So, what can be said about this disaster that hasn’t been said already? I’m honestly not sure, but I’ll see if I can’t cobble something together. My brain’s still seeping out through my nose, though. I hear that’s a common symptom which follows exposure to this very “special” Holiday Special. Sorta like opening the Ark of the Covenant only worse because you have to stare at the unfathomable horror for 96 minutes.
What’s the plot? Chewie’s Original Trilogy Extended Universe family wants him to come home for Kashyyk’s most important holiday of the year, Life Day. It’s sorta like a vague amalgamation of Christmas, Chanukah, Kwanza and every other winter holiday minorities celebrate. However, Chewie is having a hard time getting to Kashyyk because the Empire is chasing him and Han all over the galaxy. The bulk of the feature-length Special revolves around Chewie’s treehouse-dwelling family; his wife, Malla, his son, Lumpy, and his geriatric father, Itchy. Sound like rejects from a Hanna Barbara cartoon, don’t they?
In-between the soap opera that is Chewie’s Family, you are treated (???) to a collection of bizarre shorts and even MORE bizarre celebrity cameos. Possibly the most famous of these celebrity cameos is the sequence in which Bea Arthur works the Mos Eisly Tavern and breaks-out into a song and dance, all to the tune of the Cantina Band’s song from A New Hope. But of course, the tempo is slowed a down a notch or two so she can keep up. It is quite painful. You also get to enjoy a holographic music video by Jefferson Starship. It is VERY painful.
The one celebrity who has the largest effect on the story, though, would be Art Carney. Yes, THAT Art Carney. From the Honeymooners. And they don’t seem to shy about reminding you he’s from the Honeymooners, as he basically plays Ed Norton; even going so far as to include a scene where he fiddles with a hologram device for so long the Imperial Guard he’s stalling loses his temper and shouts “Oh will you just get on with it already!”
You might wanna look that one up, kids.
The cast from the first film is there. You’ve got Carrie Fisher, stoned out of her gourd, Harrison Ford, intensely pissed he’s having anything to do with this project, Mark Hamill, with a face covered in so much make-up he might very well be Scott Baio in disguise, both of those annoying Droids, Chewbacca, obviously, and James Earl Jones dubbing over some stock footage with two lines of dialogue.
I suppose the most entertaining portion of the Special, and the reason most people seek this atrocity out, is the animated segment. The story of the cartoon is pretty predictable, its length is short, and the animation (though decent) makes the characters all look like disfigured caricatures of the actual actors. So what makes this cartoon so important? It is the very first appearance of the ever-popular Boba Fett. Yes, even predating his more official first appearance in the Empire Strikes Back.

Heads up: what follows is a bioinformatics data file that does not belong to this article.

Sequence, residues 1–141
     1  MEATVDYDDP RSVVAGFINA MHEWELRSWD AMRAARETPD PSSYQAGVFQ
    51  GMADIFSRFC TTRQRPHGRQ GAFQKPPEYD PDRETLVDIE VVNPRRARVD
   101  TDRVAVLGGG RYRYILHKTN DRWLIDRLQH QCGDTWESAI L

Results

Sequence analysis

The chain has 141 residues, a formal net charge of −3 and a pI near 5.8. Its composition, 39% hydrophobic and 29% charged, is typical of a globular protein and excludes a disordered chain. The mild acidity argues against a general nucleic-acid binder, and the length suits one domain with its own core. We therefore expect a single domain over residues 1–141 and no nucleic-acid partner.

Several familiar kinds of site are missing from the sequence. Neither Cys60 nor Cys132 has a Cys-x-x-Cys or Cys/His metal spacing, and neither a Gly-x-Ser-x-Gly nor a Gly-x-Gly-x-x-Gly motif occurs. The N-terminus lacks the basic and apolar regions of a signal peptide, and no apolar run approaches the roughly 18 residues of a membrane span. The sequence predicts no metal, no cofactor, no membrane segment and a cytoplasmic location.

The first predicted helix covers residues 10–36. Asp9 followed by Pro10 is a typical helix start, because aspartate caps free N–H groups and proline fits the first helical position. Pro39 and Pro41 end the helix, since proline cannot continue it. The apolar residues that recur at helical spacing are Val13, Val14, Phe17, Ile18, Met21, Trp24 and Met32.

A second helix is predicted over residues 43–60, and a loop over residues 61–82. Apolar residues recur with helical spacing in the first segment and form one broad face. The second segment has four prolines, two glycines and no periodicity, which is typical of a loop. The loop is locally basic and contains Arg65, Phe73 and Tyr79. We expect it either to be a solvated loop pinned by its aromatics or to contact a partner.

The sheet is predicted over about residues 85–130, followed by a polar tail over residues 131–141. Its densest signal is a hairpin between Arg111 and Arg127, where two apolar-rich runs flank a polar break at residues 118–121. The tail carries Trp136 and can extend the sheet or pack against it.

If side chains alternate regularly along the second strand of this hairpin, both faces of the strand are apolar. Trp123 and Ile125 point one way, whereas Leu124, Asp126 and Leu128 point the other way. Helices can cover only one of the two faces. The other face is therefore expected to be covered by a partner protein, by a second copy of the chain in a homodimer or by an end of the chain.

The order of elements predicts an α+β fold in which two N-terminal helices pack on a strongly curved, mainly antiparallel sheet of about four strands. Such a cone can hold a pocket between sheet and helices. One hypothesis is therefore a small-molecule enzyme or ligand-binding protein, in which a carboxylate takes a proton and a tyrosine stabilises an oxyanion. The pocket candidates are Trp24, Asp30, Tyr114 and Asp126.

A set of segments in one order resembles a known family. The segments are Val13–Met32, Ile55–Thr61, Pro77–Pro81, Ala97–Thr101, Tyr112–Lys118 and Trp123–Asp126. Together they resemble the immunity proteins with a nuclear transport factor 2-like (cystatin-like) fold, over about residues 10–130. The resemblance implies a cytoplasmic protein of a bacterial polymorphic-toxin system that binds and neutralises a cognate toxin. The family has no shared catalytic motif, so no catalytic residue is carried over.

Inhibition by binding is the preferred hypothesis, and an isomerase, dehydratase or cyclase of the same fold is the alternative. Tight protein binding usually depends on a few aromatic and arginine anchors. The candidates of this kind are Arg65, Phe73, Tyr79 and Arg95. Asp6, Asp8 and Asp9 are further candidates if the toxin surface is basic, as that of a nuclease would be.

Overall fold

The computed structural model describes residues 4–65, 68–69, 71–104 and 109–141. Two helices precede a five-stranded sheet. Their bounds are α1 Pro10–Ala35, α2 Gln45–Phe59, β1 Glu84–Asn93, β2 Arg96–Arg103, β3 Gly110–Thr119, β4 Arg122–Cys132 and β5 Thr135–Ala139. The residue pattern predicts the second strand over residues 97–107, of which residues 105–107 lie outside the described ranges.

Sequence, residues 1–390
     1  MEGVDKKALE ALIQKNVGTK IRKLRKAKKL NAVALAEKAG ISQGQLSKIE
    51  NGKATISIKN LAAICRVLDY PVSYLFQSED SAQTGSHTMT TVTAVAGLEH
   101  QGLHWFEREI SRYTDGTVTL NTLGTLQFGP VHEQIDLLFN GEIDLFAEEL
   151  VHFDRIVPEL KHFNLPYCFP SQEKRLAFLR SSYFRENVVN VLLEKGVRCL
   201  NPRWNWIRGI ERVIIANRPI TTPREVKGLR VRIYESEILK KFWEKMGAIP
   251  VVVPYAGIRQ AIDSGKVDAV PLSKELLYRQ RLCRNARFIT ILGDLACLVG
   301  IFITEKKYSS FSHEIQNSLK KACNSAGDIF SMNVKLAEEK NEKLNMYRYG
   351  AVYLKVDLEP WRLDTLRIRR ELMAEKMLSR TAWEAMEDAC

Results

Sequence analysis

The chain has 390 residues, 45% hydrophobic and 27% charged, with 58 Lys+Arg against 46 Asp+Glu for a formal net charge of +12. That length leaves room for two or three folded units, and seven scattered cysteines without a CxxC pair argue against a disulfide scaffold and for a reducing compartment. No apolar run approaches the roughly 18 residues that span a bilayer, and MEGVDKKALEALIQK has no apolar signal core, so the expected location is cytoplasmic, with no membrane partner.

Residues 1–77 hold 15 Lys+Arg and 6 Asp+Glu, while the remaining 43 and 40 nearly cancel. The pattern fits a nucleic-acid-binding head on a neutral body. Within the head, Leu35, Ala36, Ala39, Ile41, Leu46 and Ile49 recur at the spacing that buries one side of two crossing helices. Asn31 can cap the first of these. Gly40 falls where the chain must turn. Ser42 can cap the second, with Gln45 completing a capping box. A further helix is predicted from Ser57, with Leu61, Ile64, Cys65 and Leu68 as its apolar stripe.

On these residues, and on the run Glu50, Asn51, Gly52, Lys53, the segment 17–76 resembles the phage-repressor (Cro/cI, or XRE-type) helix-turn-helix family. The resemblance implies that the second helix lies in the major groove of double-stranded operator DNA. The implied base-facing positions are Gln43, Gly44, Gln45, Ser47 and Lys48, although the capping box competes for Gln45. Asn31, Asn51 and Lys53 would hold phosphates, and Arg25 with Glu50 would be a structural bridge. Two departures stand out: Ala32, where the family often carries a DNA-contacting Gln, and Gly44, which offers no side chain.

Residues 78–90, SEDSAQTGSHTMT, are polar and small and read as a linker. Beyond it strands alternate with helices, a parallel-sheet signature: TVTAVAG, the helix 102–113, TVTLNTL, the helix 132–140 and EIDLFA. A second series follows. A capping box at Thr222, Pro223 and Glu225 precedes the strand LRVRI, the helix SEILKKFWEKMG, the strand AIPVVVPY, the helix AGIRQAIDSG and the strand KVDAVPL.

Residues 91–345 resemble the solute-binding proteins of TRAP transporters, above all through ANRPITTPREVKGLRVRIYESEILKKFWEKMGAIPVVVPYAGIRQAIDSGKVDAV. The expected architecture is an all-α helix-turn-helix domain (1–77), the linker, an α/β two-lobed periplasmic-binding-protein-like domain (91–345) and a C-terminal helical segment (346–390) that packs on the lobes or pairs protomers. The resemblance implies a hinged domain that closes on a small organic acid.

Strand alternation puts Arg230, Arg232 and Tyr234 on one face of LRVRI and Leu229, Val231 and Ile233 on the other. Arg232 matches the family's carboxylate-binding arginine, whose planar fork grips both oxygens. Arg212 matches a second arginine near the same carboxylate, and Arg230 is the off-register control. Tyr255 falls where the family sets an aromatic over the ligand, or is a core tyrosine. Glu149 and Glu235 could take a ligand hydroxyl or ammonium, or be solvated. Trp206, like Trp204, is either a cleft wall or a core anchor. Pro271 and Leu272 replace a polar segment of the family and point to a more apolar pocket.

Basically, Han is poisoned by some radiation and Chewie lands the Millenium Falcon on a hostile swamp and waits for Luke and the Droids to come help him. Luke shows up but they’re swiftly attacked by some brontosauruses. And then, big surprise, they’re rescued by Boba Fett! Boba Fett pretends to be their buddy and takes Luke to a nearby town for the antidote. However, Boba’s true intentions are to turn all of the cast over to Darth Vader for the bounty.
If it weren’t for Boba Fett’s presence the cartoon would be just as unbearable as the rest of the Special. The cartoon actually looks like it was directed by Ralph Bakshi…just with none of the commentary or intellectual layers.
The rest of the movie involves short comedy (???) segments, like Malla watching an alien cooking show starring some stand-up comic who obviously didn’t withstand the test of time because I’ve never heard of him, while we wait and wait and WAIT for Han to get Chewie back to his freakin’ family so the Special can just END.
Eventually, they do. And in the only real action sequence in the whole Special, Han and Chewie ‘rassle with a single Storm Trooper and he trips and falls out of the treehouse. Oh the intensity.
But it doesn’t end there! Oh no, we haven’t suffered enough yet. Chewie and his family then celebrate Life Day by holding hands in a séance which, apparently, teleports them to another dimension (and dresses them in robes, too) where they meet up with all the other Wookies on Kashyyk and, strangely, the rest of the cast of Star Wars. This “other dimension”, by the way, appears to be some sort of cave.
And before it can all be over, Carrie Fisher serenades us with a lovely melody about peace on Earth, all to the tune of John Williams’ classic Star Wars theme. Yes, THAT Star Wars theme. And following that, we finally get to the best part of the Special; the credits.
This all may seem rather pointless, and I suppose it is. Anybody who actually has the drive to track-down and view a copy of the fabled Star Wars Holiday Special MUST know that it’s an utter machete to the face. I sure did. But like everyone else who watches it for the first time, I underestimated just how BAD it really was. And I guess there is no way to convey in words the level of pain this will inflict upon all those who see it. You just have to watch it for yourself to understand.
I give it an F to end all Fs. The only redeeming value this installment in the Obsolete Extended Universe has is that it makes The Phantom Menace look like a work of utter brilliance.